2. Adjust your bike saddle height
This simple adjustment is not insignificant. It can do a lot to increase your cycling power. Improving your cycling power helps you pedal more efficiently and avoid injuring yourself. If your body bends too much, then your saddle might be too low. If you’re over-stretched, the saddle might be too high. But to find out for sure if the saddle is or is not in the right spot, you can use the LeMond Method to find your ideal saddle height.
- Find your inseam with a measuring tape.
- Multiply your inseam by .883.
- This calculation tells you what the distance between the bottom bracket and the top of the saddle should be.
If you notice that your leg is completely straight at the bottom of a pedal cycle, you need to lower your saddle slightly. Your leg should have some bend in it if you have the proper saddle position.
3. Adjust your handlebars
You can adjust some aspects of your handlebars but only slightly, and they can be swapped but not easily, so you’ll want to make sure you size handlebars properly before choosing a bike. Ideally, your handlebars should fit between your shoulder blades. You’ll want to make sure you’ve sized your handlebar reach properly before purchasing a bike. Otherwise, the only way to fix your handlebars when reach is the issue is by replacing the stem entirely.
How can you make sure you have the correct handlebar reach? Sit on your bike with your hands in a neutral position. With the help of a friend, drop a plumb line from the tip of your nose. The plumb should fall one inch in front of the middle of the handlebars. You can also use the height of your saddle to determine if you have the correct handlebar height. Your saddle should be 1–4 inches higher than your handlebar.
4. Fit your cleats properly
Your feet exert a lot of effort to keep you moving, and misalignment of your cleats can create achy joints throughout the whole body. Buying well-fitted cleats that align with your pedals is essential. To check the angle of your foot, sit on the edge of a tall chair or table and notice whether your feet turn in or out. You want your feet to sit in their natural position on the pedals. You don’t want to force them into an unnatural position that creates extra strain on the body. Dial in the angle of your cleats according to their natural resting position. Locate the widest, bony part of your foot (the first and fifth metatarsals) and mark the center of them. Align the cleats with the center point you marked.
A professional bike fit vs. a DIY bike fit–which is better?
There’s a lot you can do on your own to improve your bike fit, and sometimes it may be worthwhile and enjoyable, especially if what’s bothering you is a minor adjustment that doesn’t cause much pain. But there are certain adjustments and insights only a professional bike fitter can provide, and once and a while, it’s worth paying more for a custom bike fit.
Pros and cons of a DIY bike fit
A DIY bike fitting is possible, and it can be fun taking on the challenge, and you’ll likely learn more about the mechanics of riding as you go and deepen your cycling expertise. Doing a DIY bike fit doesn’t cost a dime–that’s a huge perk. But it does take a lot of time and can be very complex and frustrating if you don’t get it quite right. A DIY bike fit requires a lot of patience, but it also provides you the chance to learn and become an expert bike fitter yourself. But, if you are experiencing pain while riding and have been for a while, you are likely at risk for an injury. In this case, it may be best to go to a professional who can pinpoint the problem and understands exactly what needs to be fixed.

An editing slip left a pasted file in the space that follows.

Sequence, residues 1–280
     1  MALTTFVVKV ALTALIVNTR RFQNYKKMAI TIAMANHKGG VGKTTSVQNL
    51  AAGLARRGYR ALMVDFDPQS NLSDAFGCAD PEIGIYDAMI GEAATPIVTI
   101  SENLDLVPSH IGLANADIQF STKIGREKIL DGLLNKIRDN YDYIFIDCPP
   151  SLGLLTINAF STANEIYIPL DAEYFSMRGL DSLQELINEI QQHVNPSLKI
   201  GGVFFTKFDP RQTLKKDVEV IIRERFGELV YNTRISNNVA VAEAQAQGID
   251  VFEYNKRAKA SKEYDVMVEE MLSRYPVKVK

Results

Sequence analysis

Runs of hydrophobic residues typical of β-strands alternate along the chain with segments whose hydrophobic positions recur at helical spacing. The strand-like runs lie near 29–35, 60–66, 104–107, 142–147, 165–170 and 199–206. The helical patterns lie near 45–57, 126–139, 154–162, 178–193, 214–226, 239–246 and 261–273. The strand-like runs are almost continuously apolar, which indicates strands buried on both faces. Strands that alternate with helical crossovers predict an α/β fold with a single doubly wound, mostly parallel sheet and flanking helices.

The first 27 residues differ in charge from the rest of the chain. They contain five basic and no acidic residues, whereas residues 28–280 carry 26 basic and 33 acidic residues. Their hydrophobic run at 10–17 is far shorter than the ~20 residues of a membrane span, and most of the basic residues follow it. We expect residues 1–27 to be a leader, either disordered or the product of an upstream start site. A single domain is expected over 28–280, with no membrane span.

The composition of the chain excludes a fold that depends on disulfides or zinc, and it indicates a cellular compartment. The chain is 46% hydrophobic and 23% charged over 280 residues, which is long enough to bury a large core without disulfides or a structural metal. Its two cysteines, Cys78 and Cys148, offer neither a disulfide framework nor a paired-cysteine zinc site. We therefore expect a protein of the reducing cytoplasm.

Pros and cons of a professional bike fit
As handy as it is to be able to make adjustments to your bike on your own, there are certain insights only a professional can provide. For beginner cyclists who want to become serious about the sport, it’s essential to go for a professional fitting. And over time, as your body changes with age, increased fitness, weight changes, and changes in flexibility, you’ll eventually want to have another professional fitting. However, these fittings aren’t cheap. They’re usually a couple of hundred dollars, but most cyclists find that the expense is well worth it.
Usually, professional fittings include an interview about your cycling history and goals, a physical assessment, and a session on the bike to analyze how your body moves in the saddle. A professional bike fitter can make assessments with much greater accuracy than someone without the tools, training, and knowledge of how the body operates on a bike that the pros have. A bike fitter will take your body’s flexibility, strength, mobility, and strength into account. If you’re working through an injury working with an expert who can get you back in the saddle while reducing the risk of another injury is a good idea. These fittings can take a couple of hours as the professional fitter asks questions, analyzes your cycling specifics, and makes adjustments. It may take some time for your body to adapt after a new fitting, so give yourself a few weeks to adapt to the new fit before taking on new challenges.
Once you’re ready to hit the road and tackle your goals with a new bike and a fresh fit, you can sign up for one of the best Grand Fondos in the USA and use our cycling training plan for beginners to get you in racing shape.
It’s also vital to make sure you have a great pair of bike shorts with a chamois that will aid your comfort and performance in the saddle. Use our Bike Shorts Sizing, Fit, & Style Guide to help you choose a great pair of shorts, or you can shop our collection of Hincapie cycling shorts.